Feeling Power: Emotions and Education

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Routledge, 1999 - Education - 235 pages
Megan Boler combines cultural history with ethical and multicultural analyses to explore how emotions have been disciplined, suppressed or ignored at all levels of education and educational theory. Feeling Power begins by charting the philosophies and practices developed over the last century to control social conflicts arising from gender, class and race. The book traces the development of progressive pedagogies from civil rights and women's liberation movements, to the author's recent studies of "emotional intelligence" and emotional literacy." She concludes by outlining a "pedagogy of discomfort" that examines the empathy, fear and anger to negotiate ethics and difference. Drawing on the formulation of emotion as knowledge within feminist, psychobiological and poststructuralist theories, Boler develops a unique theory of emotion missing from contemporary educational discourses.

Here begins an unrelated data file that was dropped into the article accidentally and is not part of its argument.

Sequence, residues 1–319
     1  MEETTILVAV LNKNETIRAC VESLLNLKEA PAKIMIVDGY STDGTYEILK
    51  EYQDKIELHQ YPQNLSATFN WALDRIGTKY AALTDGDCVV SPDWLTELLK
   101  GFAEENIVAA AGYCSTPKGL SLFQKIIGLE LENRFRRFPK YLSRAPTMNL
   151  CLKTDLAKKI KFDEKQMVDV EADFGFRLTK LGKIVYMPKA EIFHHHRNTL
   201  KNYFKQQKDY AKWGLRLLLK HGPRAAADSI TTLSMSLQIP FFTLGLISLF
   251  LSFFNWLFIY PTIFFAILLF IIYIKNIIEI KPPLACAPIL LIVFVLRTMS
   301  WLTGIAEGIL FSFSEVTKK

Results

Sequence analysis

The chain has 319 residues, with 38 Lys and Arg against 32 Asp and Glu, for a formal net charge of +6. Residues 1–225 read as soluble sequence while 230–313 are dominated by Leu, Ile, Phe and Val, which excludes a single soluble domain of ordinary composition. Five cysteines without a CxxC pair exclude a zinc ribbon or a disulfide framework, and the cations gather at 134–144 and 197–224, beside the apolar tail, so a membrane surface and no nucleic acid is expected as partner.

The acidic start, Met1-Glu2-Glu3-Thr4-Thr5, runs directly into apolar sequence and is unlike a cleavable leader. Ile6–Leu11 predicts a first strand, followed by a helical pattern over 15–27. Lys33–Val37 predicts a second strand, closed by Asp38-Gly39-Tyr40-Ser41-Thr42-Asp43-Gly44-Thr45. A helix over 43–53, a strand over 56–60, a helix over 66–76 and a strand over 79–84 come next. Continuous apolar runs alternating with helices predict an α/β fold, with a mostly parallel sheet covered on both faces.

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Contents

I
1
II
30
III
58
IV
79
V
108
VI
137
VII
155
VIII
175
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About the author (1999)

Virginia Polytechnic University, and has published widely in the areas of cultural studies, feminist studies and philosophy.

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